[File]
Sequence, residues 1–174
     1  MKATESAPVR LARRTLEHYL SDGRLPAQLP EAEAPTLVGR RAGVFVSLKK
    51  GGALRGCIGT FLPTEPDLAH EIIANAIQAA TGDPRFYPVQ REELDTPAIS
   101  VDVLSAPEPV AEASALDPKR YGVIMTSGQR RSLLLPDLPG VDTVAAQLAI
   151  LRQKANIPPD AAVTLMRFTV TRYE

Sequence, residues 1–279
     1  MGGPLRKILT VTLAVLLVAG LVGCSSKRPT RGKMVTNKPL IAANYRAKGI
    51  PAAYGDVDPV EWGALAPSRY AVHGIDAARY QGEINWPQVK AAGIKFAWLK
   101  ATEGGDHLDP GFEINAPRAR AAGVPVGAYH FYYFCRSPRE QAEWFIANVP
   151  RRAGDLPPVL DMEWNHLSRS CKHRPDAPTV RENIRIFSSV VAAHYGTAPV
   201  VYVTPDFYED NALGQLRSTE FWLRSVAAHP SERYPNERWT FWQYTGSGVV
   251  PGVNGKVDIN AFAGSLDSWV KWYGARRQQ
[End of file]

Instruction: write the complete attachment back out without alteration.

Sequence, residues 1–174
     1  MKATESAPVR LARRTLEHYL SDGRLPAQLP EAEAPTLVGR RAGVFVSLKK
    51  GGALRGCIGT FLPTEPDLAH EIIANAIQAA TGDPRFYPVQ REELDTPAIS
   101  VDVLSAPEPV AEASALDPKR YGVIMTSGQR RSLLLPDLPG VDTVAAQLAI
   151  LRQKANIPPD AAVTLMRFTV TRYE

Sequence, residues 1–279
     1  MGGPLRKILT VTLAVLLVAG LVGCSSKRPT RGKMVTNKPL IAANYRAKGI
    51  PAAYGDVDPV EWGALAPSRY AVHGIDAARY QGEINWPQVK AAGIKFAWLK
   101  ATEGGDHLDP GFEINAPRAR AAGVPVGAYH FYYFCRSPRE QAEWFIANVP
   151  RRAGDLPPVL DMEWNHLSRS CKHRPDAPTV RENIRIFSSV VAAHYGTAPV
   201  VYVTPDFYED NALGQLRSTE FWLRSVAAHP SERYPNERWT FWQYTGSGVV
   251  PGVNGKVDIN AFAGSLDSWV KWYGARRQQ